Jacksonville neighbors near St. Johns River prepare for Hurricane Irma

Many docks along river still damaged from Hurricane Matthew

JACKSONVILLE, Fla. – Many residents along the St. Johns River are still recovering from Hurricane Matthew, so news that Hurricane Irma is continuing to track a little more west is not what they want to hear.

Some people who live along the river evacuated. But others said they're not leaving. 

The Donovan family is living their "dream," having moved into their new home on the St. Johns River in Fruit Cove just this summer.

The family's "nightmare" is the impending arrival of Irma.

"It's definitely devastating because you worry about, just, building a home and losing everything," Ginny Donovan said. "My husband and I, we built this house ourselves, so we are worried and concerned, however, you just do the best you can." 

A lot of the docks along the St. Johns River are still damaged from Matthew. The Donovans said it's not necessarily because people don't want to get them fixed, it's because it's about a year wait to find someone to do it. 

The Donovans were able to fix their dock themselves. But up the river in places like Beauclerc, there's still debris left from Matthew all over the place. That debris easily could turn into projectiles in Irma's wind.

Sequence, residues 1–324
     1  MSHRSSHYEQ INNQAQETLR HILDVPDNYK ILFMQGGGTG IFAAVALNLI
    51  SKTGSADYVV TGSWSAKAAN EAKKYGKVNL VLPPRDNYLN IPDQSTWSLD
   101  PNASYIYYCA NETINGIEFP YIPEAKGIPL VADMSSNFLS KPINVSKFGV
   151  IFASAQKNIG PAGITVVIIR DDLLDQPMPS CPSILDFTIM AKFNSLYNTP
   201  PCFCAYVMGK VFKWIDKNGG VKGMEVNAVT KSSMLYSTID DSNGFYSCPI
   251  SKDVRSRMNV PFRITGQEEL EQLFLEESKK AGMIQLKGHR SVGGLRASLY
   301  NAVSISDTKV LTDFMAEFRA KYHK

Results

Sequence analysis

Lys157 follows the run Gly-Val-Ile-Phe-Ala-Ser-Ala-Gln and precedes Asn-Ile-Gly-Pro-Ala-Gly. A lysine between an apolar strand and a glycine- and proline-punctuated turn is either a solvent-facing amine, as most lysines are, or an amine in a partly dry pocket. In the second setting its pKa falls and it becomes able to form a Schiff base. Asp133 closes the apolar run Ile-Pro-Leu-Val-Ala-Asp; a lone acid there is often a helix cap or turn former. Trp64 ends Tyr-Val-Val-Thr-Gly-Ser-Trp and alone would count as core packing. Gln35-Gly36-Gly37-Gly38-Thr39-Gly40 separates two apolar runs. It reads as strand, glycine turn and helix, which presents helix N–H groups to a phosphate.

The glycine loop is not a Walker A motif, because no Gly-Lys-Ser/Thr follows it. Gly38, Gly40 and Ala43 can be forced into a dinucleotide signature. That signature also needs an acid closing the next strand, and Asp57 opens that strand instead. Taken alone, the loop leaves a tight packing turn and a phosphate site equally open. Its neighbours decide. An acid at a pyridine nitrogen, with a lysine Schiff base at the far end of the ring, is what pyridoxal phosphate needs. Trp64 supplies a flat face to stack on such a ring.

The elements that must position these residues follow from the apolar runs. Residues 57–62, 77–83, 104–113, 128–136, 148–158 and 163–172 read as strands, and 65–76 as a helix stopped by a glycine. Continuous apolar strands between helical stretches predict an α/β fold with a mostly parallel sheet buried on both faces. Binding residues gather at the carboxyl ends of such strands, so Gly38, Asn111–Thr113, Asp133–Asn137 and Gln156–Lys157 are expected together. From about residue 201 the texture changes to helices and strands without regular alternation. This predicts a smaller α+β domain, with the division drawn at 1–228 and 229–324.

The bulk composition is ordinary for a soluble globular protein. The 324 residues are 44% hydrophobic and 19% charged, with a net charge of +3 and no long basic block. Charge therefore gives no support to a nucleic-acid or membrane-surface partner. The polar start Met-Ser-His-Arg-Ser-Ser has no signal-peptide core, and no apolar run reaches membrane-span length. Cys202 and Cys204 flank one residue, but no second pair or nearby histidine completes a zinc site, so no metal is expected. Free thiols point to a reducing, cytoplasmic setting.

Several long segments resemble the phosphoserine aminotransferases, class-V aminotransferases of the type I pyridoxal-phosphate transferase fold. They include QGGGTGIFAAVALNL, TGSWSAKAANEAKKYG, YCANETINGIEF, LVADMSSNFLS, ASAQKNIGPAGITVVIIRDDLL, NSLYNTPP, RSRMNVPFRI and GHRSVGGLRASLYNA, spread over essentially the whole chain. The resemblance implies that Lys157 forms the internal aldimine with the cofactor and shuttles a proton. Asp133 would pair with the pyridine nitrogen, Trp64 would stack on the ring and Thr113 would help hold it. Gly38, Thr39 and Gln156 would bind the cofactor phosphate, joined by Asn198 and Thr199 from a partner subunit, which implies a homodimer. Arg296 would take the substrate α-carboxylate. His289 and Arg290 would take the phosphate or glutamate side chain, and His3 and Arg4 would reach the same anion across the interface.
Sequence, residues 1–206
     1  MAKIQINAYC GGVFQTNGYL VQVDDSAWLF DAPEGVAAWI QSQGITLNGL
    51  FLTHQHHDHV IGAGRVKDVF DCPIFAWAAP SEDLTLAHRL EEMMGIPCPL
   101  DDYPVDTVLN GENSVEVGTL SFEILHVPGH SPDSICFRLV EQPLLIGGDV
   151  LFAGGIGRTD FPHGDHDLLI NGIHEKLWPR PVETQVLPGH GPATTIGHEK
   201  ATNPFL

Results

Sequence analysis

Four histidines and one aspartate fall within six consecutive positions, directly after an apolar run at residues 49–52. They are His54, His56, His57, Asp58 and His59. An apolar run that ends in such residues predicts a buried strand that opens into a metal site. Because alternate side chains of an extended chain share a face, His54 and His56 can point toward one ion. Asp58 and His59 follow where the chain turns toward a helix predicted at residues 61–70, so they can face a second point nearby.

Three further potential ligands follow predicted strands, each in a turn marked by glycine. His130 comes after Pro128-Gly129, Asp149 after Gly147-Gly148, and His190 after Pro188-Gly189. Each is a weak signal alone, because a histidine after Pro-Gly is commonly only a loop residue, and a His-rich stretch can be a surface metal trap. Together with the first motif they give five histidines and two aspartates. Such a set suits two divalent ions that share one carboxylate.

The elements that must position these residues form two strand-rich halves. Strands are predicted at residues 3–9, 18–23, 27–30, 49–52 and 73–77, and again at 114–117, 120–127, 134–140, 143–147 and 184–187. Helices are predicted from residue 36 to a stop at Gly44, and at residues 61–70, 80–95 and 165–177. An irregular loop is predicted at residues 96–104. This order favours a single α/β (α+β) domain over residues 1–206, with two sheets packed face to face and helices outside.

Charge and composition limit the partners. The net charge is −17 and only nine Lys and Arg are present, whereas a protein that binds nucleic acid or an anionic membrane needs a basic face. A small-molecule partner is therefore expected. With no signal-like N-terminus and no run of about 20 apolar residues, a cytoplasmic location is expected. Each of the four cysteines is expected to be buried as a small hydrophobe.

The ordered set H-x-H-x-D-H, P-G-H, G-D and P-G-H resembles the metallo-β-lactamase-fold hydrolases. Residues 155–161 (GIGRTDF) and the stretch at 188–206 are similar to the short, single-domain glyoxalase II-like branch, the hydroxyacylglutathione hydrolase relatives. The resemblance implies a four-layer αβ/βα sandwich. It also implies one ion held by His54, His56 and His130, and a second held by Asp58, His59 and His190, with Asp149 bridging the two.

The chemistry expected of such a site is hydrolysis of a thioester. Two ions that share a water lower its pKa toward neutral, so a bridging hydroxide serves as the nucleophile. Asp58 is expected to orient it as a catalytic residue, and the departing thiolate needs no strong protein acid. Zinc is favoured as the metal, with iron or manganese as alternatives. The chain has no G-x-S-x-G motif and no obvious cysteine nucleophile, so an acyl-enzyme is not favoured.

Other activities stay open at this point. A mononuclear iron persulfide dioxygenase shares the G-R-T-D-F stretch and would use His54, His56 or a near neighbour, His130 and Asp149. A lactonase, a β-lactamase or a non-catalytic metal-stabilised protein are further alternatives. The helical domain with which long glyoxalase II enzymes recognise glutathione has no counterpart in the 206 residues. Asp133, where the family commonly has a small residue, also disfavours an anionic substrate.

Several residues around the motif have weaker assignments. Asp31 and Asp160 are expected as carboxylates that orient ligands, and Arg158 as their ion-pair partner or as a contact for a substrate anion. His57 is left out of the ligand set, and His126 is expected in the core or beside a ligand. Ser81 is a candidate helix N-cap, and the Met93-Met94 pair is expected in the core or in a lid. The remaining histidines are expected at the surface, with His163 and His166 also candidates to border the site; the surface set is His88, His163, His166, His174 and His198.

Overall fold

"So we will see some strong winds mixing down over the St. Johns River, as well, which can push some water into vulnerable areas of downtown Jacksonville," said National Weather Service Meteorologist Angie Enyedi. 

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The National Weather Service warned Friday that places like the Jacksonville Landing are especially vulnerable because of surges reaching 3 to 6 feet.

For now, some residents who live near the river, including James Dionne, are just doing what they can to shelter in place.

"Boarding up everything, trying to get the generator running again and just make sure we're prepared (with) plenty of water, plenty of food," said Dionne. 

And plenty of patience as Jacksonville-area residents brace for the storm. 

Keep in mind, the river is already about a foot to a foot-and-a-half higher than normal because of the northeast winds and coming off a full moon.

It's going to be a tense few days along the St. Johns River. 


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